Global Measures to Counter Terrorism

Global Measures to Counter Terrorism

I. Cutting down on Terrorism Funding

The September 11 terrorists apparently had enough money to make their preparations many months, if not years, in advance. Since, funding is a critical element in recruiting supporters and launching large-scale terrorist operations. Thus the need to dry up terrorist fundraising and money transfers.

The first shot in the war against terrorism was fired on September 24 when President Bush signed an executive order, freezing the assets of 27 terrorists, terrorist organizations, and terrorist financiers associated with al-Qaida and blocks U.S. transactions with such persons or entities, including 39 additional names of persons and organizations known to conduct or financially support terrorism. In addition, the assets of all 22 of the FBI's Most Wanted Terrorists are now subject to this blocking order. A previous Executive Order, in effect since 1995 and renewed each year since, includes such groups as Hizballah and HAMAS, as well as al-Qaida that represent a terrorist threat to the Middle East peace negotiations.

On September 28 the U.N. Security Council unanimously adopted resolution 1373, which is binding on all states under international law, obliging all member states to deny financing, support, and safe haven to terrorists. It will also expand information sharing among U.N. members to combat international terrorism. A Security Council follow-up mechanism has been set up to monitor compliance on a continuous basis.

This effort has already yielded results. The United States has frozen some $4 million and is reviewing many other accounts. Other nations are still seeking to identify terrorist assets that they have pledged to block. In all, 111 nations -- more than half the world -- have acted to choke off the oxygen of money for terrorists, and this is only the beginning.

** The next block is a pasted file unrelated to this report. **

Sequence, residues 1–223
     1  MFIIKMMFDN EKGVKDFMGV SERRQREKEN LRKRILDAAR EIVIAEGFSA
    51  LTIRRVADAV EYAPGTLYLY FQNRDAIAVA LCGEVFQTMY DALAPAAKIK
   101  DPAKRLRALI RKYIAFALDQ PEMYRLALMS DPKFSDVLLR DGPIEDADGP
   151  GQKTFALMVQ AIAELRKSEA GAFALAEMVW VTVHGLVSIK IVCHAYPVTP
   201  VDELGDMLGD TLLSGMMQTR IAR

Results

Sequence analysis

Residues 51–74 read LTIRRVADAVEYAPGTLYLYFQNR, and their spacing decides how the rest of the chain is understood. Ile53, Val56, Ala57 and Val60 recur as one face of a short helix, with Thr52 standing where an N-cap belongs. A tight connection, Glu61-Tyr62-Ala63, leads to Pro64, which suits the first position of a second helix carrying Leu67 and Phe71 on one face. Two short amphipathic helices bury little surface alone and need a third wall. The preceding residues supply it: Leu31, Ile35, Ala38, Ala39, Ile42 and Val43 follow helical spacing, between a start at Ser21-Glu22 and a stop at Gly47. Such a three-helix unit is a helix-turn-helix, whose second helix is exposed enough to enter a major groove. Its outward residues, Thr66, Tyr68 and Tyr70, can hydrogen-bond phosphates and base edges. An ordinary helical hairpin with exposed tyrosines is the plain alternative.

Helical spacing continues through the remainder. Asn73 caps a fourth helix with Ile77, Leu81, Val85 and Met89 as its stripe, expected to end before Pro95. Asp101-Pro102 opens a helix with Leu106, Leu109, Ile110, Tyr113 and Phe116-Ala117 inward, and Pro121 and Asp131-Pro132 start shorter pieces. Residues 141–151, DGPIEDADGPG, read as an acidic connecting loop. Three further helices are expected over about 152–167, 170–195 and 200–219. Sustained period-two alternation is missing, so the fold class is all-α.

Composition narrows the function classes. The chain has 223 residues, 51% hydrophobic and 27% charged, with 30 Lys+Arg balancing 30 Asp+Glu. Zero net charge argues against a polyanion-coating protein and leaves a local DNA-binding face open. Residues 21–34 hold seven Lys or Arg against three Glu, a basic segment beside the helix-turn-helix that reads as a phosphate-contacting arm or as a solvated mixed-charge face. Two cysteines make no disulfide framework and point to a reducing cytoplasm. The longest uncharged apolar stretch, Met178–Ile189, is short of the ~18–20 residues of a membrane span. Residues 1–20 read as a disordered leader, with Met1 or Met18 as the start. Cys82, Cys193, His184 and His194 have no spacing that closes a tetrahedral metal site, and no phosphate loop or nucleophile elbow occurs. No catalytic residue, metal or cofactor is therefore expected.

Using tools like these urges other countries to tighten up their own laws and regulations to curb terrorist fundraising and money transfers. In addition, the administration is making ratification of the 12 U.N. conventions against terrorism a high priority. The conventions form a strong legal framework for fighting terrorism.

II. Utilizing Training Related Programmes

The State Department's Antiterrorism Training Assistance (ATA) program was set up in which foreign security and law enforcement officials is a pillar of this effort. The program not only provides training but also helps promote policies and improve contacts with foreign officials to achieve the counterterrorism goals. More than 20,000 officials have been trained from over 100 countries to date.

A Terrorist Interdiction Program (TIP) was also developed, which utilizes sophisticated computer data base systems and improved communications to help identify potential terrorists who try to cross international borders. This program will be most effective in countries that are major transportation hubs. The Department's contribution to the interagency counterterrorism research and development program, the Technical Support Working Group, also helps to make advances in explosives detection and other areas and bolster cooperative R&D efforts with other key allies.

An increase in awards for the "Rewards for Justice" program was also proposed, which pays up to $5 million for information that prevents a terrorist attack or results in the arrest of a terrorist. This important program saves lives and puts terrorists behind bars.

-Lim Cenyun Rachel, 10S27

No comments: